What we’ve learned about Mueller’s probe?
Meet the man behind Russia investigation:
Special Counsel Robert Mueller arrives at his office building, Thursday,
March 21,2019, in Washington. Mueller has concluded his investigation
into Russianelection interference and possible coordination with
associates of PresidentDonald Trump. (Photo: AP)
(File photo: MSNBC)
Special counsel Robert Mueller on Friday turned over his long-awaited
final report on the contentious Russia investigation, ending a probe
that has cast a dark shadow over Donald Trump’s presidency with no new
charges but launching a fresh wave of political battles over the
On 22nd March, 2019, Attorney General Bill Barr received Special Counsel
Robert Mueller’s report, which symbolized the end of investigation into
Russian interference in the 2016 presidential election and possible
obstruction of justice by Trump.
Counsel Robert Mueller was appointed special prosecutor on May 17, 2017,
to investigate whether Russia interfered in the 2016 US election and
whether there was any “collusion” between the Russian government and
Trump’s presidential campaign.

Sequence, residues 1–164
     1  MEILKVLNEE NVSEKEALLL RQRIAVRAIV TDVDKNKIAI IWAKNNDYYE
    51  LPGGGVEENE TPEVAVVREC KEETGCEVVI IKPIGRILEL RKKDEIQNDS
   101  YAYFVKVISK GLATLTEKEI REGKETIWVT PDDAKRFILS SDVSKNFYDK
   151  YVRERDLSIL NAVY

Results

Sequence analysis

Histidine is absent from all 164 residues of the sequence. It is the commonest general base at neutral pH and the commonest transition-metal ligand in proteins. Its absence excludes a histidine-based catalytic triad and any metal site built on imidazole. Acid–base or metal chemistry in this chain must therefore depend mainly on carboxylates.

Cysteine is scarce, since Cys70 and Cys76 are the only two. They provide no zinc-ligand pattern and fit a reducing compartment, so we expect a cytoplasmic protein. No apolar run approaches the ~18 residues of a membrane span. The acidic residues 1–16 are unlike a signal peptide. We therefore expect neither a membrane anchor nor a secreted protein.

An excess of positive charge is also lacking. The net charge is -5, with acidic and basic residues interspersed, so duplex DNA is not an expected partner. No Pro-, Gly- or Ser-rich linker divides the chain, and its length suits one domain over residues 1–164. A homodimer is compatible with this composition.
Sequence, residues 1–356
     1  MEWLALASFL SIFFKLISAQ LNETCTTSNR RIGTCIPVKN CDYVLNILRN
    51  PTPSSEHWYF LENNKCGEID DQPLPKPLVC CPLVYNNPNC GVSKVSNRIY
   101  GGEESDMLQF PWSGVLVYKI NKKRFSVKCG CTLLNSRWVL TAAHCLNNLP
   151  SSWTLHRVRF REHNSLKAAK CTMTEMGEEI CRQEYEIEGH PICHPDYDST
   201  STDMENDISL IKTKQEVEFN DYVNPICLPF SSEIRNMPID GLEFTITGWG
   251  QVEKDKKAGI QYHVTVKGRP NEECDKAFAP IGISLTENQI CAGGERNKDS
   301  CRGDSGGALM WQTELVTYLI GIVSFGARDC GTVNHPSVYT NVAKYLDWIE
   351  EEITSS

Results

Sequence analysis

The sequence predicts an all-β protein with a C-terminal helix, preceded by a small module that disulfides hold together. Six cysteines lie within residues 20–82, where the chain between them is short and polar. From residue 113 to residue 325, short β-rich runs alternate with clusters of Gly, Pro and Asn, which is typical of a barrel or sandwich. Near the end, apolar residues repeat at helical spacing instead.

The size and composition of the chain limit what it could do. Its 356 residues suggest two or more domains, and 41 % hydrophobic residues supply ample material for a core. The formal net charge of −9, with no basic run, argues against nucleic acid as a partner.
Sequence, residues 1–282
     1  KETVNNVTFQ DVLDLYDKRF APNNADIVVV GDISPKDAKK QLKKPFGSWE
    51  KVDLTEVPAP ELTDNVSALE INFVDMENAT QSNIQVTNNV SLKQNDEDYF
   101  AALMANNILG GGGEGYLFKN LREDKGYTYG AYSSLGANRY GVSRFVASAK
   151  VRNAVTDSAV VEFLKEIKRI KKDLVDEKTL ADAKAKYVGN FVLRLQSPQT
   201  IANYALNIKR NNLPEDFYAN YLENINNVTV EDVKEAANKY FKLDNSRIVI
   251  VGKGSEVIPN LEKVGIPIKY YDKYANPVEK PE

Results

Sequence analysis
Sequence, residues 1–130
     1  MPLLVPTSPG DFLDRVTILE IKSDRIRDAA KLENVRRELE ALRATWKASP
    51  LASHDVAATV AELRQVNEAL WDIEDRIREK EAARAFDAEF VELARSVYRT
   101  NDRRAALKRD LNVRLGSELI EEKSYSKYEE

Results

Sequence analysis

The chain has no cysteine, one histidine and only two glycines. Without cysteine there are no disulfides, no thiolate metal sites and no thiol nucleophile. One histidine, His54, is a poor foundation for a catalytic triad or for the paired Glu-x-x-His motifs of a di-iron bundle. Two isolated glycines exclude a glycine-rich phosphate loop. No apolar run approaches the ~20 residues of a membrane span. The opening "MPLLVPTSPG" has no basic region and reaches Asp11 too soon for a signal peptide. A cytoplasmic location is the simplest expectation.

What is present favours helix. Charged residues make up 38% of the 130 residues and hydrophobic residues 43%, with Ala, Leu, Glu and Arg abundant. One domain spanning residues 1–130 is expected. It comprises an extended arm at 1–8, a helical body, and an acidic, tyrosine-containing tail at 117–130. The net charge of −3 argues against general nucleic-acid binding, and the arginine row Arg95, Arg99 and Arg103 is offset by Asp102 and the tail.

On 24th March, Barr presented a summary of Mueller’s conclusions that
contained some sentences from Mueller’s final report, one of which
addressed the collusion issue directly: “The investigation did not
establish that members of the Trump campaign conspired or coordinated
with the Russian government in its election interference activities.”
Donald Trump regarded it as a “complete and total exoneration”, however,
the Democrats were greatly disappointed.
Finally, the 22-month investigation is complete.
“So many questions.”
Mueller has to submit the investigation to Congress through the Attorney
General William Barr, who has the power to choose whether to release the
full or partial report to Congress or even the public after receiving
In an exclusive interview with NBC News, former FBI director James Comey
said he was surprised that Mueller didn’t come to a conclusion on